The Kudo Box

There are many wrong ways to reward employees. A simple but effective approach is to install a “kudo box”, which enables people to give each other a small reward.

In one of my courses, Paul Klipp, president and Scrum coach at Lunar Logic Polska in Poland, told me how he created a rewards system. He explained that his employees can give anyone a gift worth 20 euro. They call it kudos and it can be implemented as an email to a central mailbox, or slipping a note in a cardboard box. (They started out with movie tickets, but since not everyone enjoys airborne popcorn, the gifts can now be anything with a similar value.)

The management team never questions why someone is rewarded. When anybody in the company feels someone deserves a reward, he or she gets it. Paul will personally bring a handwritten kudo note, and a tray of gifts, from which the receiver can pick one item. And everyone will hear about it, on Facebook and on the internal chat system. Paul told me these gifts work extremely well, and he loves the fact that all employees are involved in catching people doing good things. It is a low cost reward system, and trust is never abused.

A similar system was implemented by Philip Rosedale, former ceo of Linden Lab, creators of the virtual reality platform Second Life. Rosedale called it the LoveMachine. It was a tool that enabled employees to send notes of appreciation to their colleagues. According to Rosedale, recognizing each other’s hard work makes everyone feel great. And because everything is transparent, managers gained useful insight into which people were performing well, and which people never received a compliment.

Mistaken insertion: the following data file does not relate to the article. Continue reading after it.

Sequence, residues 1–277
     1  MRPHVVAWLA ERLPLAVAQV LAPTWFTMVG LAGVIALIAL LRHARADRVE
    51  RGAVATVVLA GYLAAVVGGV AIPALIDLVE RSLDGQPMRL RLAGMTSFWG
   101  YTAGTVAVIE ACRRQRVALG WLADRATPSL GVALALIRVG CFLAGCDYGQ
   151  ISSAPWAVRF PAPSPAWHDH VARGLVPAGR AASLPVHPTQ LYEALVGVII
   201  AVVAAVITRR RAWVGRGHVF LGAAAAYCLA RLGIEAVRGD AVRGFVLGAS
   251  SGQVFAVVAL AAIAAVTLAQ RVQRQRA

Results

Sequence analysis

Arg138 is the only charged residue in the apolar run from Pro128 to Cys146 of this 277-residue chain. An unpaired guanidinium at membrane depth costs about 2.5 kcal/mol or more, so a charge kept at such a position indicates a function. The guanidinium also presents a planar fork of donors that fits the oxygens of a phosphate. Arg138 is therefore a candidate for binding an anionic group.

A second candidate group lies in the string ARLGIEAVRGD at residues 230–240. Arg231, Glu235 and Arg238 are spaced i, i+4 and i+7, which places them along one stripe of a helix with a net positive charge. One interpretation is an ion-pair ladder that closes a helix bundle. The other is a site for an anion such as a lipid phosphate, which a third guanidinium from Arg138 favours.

The kudo box fulfills the six rules for rewards, and works much better than bonuses and other forms of financial motivation.

No matter if you call it a Kudo Box or a LoveMachine, a public system that enables people to give each other small unexpected tokens of appreciation for doing a good job, meets all six basic principles of good rewards. The evidence is overwhelming. Therefore it’s sad that many managers still haven’t figured out what’s wrong with their rewards systems. Maybe they are too busy thinking about their own bonuses?

This post is an excerpt from my new article called Kudo Box. Do you want exclusive access to innovative practices? Do you want to be the first to read the new articles? Do you want to learn more about Management Workout?

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